In the '90s, Michael Feinstein brought in members of the Green Party. Eight years ago, Oscar de la Torre brought in Pico Neighborhood residents to support his bid for the school board.
There is also a long tradition of SMRR reaching out to the neighborhood associations, which have been dominated by homeowners and which are the home of the no-growth movement in the city. This goes back to the '80s when SMRR welcomed elements of Friends of Sunset Park.
What's different this year, and what had SMRR leadership upset about what happened at the convention, is that the new members brought in by the SMCLC to support Mr. Winterer did not seem to share the values of SMRR.
Whenever SMRR has joined forces with the no-growth constituency in local politics, SMRR has made sure that the candidates SMRR endorsed who came from the no-growth movement -- from Ken Genser to Mr. Winterer -- always shared the "progressive" values of SMRR.
But although the SMRR activists seem happy enough with Mr. Winterer, they don't trust his SMCLC supporters. The moment at the convention that crystallized their fears came when the members were asked to support by voice vote the half-cent sales tax that will be on the ballot in November, and the SMCLC members opposed it.
To get back to realpolitik, this may be a moment when the scales fall from peoples' eyes.
SMRR has been the vehicle that the anti-development element in Santa Monica has used to magnify its power. To do this, no-growthers who have a fundamentally antagonistic relationship to City Hall have had to adopt left-wing rhetoric: they're not what they seem to be -- comfortable middle-class NIMBYs out to protect their own interests -- but rather cadres engaged in a veritable class war against "greedy developers" -- even developers building apartments where renters, SMRR's historic constituency, might find places to live.
Or if they're fighting Santa Monica College, another institution -- and one that builds -- strongly supported by most of SMRR's membership (and most Santa Monicans), it's not because they don't like students in their neighborhood, but because the college is a "bad neighbor."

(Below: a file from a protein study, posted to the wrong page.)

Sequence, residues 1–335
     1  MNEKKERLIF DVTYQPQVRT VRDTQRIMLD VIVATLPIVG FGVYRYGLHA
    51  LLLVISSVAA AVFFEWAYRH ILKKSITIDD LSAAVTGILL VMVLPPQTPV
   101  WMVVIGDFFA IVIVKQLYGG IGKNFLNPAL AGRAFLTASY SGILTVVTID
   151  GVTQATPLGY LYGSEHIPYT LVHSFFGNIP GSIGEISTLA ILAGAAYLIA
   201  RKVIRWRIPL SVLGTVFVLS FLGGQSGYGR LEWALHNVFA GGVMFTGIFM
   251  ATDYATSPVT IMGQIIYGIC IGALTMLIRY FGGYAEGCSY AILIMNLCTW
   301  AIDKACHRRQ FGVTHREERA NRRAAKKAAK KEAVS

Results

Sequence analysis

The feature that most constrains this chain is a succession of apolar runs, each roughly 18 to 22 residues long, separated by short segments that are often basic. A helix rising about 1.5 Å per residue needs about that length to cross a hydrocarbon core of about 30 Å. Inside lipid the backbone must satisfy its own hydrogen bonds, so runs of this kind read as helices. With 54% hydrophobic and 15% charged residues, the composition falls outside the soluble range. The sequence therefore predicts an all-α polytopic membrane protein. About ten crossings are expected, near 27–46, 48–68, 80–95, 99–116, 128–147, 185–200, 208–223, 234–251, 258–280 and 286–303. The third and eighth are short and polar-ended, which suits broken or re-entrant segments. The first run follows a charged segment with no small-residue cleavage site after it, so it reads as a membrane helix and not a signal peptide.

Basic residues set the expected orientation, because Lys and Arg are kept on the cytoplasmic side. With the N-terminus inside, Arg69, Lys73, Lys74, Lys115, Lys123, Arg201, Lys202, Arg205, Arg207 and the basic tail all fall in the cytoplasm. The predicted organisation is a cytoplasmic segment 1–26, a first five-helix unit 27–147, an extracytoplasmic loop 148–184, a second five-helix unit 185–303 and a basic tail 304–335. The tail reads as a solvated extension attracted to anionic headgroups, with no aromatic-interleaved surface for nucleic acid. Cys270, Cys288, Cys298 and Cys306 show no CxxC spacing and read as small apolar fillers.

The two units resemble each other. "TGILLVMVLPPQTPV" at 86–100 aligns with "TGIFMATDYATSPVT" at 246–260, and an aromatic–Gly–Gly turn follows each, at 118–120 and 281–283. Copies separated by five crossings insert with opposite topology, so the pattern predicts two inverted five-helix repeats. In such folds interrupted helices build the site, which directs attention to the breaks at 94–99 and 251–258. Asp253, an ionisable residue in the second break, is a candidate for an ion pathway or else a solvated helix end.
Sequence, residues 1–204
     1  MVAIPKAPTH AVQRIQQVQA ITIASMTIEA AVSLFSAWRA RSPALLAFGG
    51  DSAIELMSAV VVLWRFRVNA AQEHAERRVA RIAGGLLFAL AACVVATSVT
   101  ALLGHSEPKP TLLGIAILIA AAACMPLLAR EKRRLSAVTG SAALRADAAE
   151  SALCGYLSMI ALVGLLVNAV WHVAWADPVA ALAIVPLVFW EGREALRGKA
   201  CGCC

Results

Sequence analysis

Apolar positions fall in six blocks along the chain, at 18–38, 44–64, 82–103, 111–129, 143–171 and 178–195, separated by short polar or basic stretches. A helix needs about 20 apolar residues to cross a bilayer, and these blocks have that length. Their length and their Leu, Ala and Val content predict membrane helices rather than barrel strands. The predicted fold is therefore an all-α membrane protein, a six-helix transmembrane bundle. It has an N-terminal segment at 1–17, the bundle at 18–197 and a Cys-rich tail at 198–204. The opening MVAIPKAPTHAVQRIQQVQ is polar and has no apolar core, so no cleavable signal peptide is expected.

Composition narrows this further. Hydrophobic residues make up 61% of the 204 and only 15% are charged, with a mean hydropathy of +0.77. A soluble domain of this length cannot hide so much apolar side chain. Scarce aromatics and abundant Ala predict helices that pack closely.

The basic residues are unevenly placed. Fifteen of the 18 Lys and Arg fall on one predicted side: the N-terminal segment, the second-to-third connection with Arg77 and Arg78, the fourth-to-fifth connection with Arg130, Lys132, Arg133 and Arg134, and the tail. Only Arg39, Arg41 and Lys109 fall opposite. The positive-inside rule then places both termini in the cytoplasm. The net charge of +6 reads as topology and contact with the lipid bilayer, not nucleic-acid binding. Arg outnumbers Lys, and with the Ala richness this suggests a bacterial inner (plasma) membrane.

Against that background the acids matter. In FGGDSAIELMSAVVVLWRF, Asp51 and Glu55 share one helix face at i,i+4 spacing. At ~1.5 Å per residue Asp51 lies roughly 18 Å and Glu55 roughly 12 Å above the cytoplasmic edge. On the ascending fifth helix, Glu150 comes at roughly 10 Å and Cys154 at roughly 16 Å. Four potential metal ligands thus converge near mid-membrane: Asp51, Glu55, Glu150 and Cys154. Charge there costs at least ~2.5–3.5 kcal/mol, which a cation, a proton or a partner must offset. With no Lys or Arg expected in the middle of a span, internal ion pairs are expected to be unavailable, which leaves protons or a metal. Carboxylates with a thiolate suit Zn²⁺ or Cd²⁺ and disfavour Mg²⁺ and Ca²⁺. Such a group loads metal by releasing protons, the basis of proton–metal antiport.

The no-growthers, like extremists of both the left and the right, always have to have a villain. It's only a coincidence, but when RIFT reached the ballot, it became Measure T. Which made the SMRR convention a T party.
Having said all that, the SMRR leadership and Ms. O'Connor cannot blame only the SMCLC. While the number of bullet votes for Mr. Winterer was high (it seems that despite the pleas of Mr. Winterer and Mr. McKeown for unity, those pleas were more effective with O'Connor voters), there were not enough SMCLC members at the convention to deny an endorsement to Terry O'Day, who had been the co-chair of the campaign against Measure T.
I talked to a number of delegates at the convention who thought that Ms. O'Connor might have received the required 55 percent of the votes if she had done a little more "retail" campaigning and glad-handing at the convention. For whatever reason, she held back. SMRR has never been monolithic, there have always been factions and personalities, and over the years there are SMRR members who have found themselves not on the best terms with Ms. O'Connor.
As I wrote last week, a political organization needs to stand by its incumbents. Something that the SMRR Steering Committee demonstrated.